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Dr. Marty Greer

October is Breast Cancer Awareness Month. Every October, we are reminded to spread the word about breast cancer prevention and early detection. That awareness extends to our dogs as well.

How does hearing the words “she’s got breast cancer” affect you? Does it bring tears to your eyes? Start a knot in the pit of your stomach? Unleash anger at being cheated? Make you want a second opinion?

The Diagnosis  

Plenty of people know someone who has been affected by this dreaded diagnosis. Maybe it’s you, or perhaps someone you love, like a wife, sister, girlfriend, mother, friend, or co-workerWe know it is a life-changing experience, bringing with it the possibilities of pain, surgery, chemotherapy, radiation, and fear of a shortened life expectancy.  

For many women, advances in early detection and medical therapy have fortunately made breast cancer a story of survival instead of a death sentence. Sadly, however, some are diagnosed too late, or with a very aggressive form of the disease, some cannot afford proper medical care, and some even deny themselves the care that they need. Those who are blessed with great diagnostics and treatment largely owe their successes to the incredible research that led to this improved prognosis and outcome.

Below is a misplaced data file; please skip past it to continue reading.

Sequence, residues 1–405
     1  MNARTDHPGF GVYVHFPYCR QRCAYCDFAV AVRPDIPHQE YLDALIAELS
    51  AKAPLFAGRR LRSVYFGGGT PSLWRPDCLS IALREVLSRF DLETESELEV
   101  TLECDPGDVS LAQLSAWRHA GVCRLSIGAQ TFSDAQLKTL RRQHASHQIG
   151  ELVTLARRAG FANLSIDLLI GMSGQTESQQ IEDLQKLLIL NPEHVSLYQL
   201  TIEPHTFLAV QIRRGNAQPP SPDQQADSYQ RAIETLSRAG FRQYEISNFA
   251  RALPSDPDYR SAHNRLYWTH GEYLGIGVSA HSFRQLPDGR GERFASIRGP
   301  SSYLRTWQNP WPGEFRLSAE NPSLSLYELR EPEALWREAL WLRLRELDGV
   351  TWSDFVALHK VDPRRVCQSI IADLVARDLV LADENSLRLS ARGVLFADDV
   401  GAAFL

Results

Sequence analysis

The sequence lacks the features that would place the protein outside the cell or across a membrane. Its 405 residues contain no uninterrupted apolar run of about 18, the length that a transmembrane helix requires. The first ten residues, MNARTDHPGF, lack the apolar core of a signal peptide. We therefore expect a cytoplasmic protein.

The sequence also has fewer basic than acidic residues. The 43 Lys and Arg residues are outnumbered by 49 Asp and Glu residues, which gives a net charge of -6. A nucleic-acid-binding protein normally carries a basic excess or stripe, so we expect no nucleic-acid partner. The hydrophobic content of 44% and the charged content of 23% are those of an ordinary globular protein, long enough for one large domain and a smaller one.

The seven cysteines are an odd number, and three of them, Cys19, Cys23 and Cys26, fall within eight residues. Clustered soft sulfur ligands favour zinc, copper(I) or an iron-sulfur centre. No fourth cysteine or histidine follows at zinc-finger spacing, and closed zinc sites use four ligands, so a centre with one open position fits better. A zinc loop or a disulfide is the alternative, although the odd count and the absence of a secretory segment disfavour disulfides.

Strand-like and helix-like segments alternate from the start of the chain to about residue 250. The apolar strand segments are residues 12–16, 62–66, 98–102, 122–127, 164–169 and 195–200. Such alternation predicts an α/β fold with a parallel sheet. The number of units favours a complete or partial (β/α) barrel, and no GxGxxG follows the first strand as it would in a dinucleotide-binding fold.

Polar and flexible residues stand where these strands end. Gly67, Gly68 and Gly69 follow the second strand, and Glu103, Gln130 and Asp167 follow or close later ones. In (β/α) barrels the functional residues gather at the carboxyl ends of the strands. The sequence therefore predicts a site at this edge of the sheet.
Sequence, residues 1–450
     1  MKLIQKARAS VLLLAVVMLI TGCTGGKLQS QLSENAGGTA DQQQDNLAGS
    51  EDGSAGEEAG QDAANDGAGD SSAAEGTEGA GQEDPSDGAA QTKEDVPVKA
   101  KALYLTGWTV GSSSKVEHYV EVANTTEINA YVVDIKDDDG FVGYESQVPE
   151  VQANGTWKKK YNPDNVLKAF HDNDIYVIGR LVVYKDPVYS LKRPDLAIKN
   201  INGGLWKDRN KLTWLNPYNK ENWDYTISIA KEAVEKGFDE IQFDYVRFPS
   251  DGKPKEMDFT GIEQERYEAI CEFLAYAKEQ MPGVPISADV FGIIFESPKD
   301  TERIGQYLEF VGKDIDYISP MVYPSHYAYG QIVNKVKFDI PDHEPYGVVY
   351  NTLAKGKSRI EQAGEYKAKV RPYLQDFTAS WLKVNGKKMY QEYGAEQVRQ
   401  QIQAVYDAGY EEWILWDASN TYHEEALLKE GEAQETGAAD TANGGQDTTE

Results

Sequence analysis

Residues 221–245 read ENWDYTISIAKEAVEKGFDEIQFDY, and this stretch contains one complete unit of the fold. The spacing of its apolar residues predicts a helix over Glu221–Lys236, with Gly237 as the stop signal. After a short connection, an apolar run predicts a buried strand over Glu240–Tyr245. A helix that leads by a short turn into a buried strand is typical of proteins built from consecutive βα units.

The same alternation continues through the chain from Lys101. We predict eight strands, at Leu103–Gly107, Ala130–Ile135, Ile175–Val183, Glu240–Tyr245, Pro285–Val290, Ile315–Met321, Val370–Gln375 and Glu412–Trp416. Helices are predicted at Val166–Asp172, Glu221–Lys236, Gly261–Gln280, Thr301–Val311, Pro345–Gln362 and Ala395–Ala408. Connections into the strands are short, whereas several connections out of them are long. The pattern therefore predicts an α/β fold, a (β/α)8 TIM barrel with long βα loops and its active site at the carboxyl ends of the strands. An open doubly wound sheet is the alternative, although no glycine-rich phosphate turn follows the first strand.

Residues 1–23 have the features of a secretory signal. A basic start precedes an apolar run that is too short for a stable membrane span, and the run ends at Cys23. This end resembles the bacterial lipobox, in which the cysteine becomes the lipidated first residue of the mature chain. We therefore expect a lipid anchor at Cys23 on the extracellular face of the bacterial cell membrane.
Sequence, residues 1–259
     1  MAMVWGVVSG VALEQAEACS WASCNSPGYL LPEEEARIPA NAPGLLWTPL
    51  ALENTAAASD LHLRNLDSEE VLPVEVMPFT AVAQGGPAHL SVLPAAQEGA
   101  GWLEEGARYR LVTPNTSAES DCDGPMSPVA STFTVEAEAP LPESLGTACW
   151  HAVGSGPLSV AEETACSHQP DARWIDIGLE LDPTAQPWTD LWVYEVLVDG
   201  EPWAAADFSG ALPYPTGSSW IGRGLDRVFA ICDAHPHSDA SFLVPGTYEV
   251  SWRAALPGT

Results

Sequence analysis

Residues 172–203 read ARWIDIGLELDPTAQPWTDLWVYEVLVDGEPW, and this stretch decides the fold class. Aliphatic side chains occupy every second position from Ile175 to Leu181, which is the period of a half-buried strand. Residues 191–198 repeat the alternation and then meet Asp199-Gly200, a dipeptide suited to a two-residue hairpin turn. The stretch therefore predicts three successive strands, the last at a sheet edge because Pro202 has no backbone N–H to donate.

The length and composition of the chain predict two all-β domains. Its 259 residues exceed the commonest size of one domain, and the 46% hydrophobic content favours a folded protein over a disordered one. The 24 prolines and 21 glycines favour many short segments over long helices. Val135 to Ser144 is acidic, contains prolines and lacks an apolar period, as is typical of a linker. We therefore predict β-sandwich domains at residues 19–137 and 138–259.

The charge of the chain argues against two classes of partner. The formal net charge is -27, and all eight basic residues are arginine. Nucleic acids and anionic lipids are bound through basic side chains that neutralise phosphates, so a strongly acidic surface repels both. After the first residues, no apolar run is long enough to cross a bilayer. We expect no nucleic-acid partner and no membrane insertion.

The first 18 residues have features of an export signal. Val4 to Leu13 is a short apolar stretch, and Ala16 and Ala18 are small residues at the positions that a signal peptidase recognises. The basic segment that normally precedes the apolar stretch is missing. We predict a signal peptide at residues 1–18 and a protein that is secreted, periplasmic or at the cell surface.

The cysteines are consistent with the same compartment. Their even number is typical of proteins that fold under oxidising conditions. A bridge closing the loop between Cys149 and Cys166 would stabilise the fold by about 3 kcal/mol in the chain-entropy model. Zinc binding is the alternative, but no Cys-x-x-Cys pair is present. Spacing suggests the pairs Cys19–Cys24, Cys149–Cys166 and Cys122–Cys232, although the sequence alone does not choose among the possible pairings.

The increasing amount of success stories over breast cancer in humans is due in part to the diseases’ similarity to mammary tumors in dogs. Dogs have served as research models for the disease in humans, and many advancements in human medicine are directly linked to the information discovered by research on the disease in dogs. Sadly, our dogs have not benefitted from cancer research as much as humans have.